Will long lines be the norm at Orange’s new Urth Caffe?

Lines outside of Orange’s new Urth Caffe might be here to stay, said Matt Tobey, Urth Caffe’s director of operations. The popular restaurant chain, which opened its Orange location Jan. 7, has locations across the Orange and Los Angeles counties. Photo by Gabriella Anderson

Urth Caffe, a chic, health-conscious line of restaurants with locations across the Orange and Los Angeles counties, is known for its Instagrammable coffee, healthy pastries and $20 salads.

It’s also known for long lines, and the queue in front of Urth Caffe is no exception. The cafe in the Orange Plaza and its popularity might be the new norm, said Matt Tobey, director of operations for the restaurant chain.

“We’re cautious because we’ve only been open for a few weeks but realistically, this is how busy we stay,” Tobey said.

Tobey, who oversees operations at all Urth locations, is now focusing on Orange. The store conducted at least 5,000 interviews for 100 associate spots at the store, Tobey said.

The chain has several locations, including ones in Laguna Beach, Beverly Hills and Santa Monica. It was founded in the 1980s by Shallom and Jilla Berkman.

Dory Ann Carter, a senior communications studies major, says she doesn’t mind the wait for the restaurant. “Any Urth I’ve been to I’ve had to wait in line, so it’s normal,” she said.

Owners and managers of surrounding businesses like neighboring Starbucks manager Matteo Gutierrez hopes Urth’s opening will lead to increased business. He told The Panther that some patrons were driving long distances “just to come to Urth.”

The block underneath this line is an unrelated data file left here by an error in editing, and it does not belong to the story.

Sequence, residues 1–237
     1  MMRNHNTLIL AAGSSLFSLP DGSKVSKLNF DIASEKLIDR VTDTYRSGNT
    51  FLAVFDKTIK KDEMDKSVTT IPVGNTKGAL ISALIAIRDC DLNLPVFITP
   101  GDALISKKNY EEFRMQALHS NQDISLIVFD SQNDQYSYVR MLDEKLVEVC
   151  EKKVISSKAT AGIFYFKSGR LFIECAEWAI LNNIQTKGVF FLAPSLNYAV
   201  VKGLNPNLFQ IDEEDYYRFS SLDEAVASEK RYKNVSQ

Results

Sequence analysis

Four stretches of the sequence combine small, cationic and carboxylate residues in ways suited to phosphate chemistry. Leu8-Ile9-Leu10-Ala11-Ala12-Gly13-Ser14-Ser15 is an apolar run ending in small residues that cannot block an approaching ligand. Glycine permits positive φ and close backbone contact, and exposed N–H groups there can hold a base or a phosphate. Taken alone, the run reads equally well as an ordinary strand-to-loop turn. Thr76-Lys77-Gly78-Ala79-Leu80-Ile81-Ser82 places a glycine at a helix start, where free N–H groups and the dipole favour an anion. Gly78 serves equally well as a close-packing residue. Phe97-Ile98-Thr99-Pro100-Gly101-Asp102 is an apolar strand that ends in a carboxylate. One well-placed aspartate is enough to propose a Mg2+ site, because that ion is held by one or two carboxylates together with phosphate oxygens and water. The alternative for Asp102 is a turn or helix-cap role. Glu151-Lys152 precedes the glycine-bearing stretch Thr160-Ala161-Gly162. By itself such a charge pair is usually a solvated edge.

Tippy Weeranarawat, the owner of the Filling Station Cafe on North Glassell Street, thinks the cafe might bring in traffic for other businesses in the Plaza, which is home to several boutiques and specialty stores.

“It brings new types of people and new types of food,” Wee said. “All the antique stores can benefit from that.”

Shallom and Jilla Berkman, who have made a habit of purchasing historic buildings for Urth locations, knew they wanted one of the restaurant’s next locations to be in Orange, the couple told The Panther in September. But they ran into construction obstacles, some of which delayed opening by several months.

“The second floor (of the building) was condemned since the ‘60s because it wasn’t earthquake safe,” Tobey said. “There were old doors and writing on the walls from when it was a hotel.”

The restaurant was also vandalized at least three times, when rocks were thrown through its earthquake-proof windows. Each incident cost around $20,000 to fix, and the windows now use a protective coating.

“Thankfully, we’re well-received,” Tobey said. “As busy as we are, this is what the other stores are at.”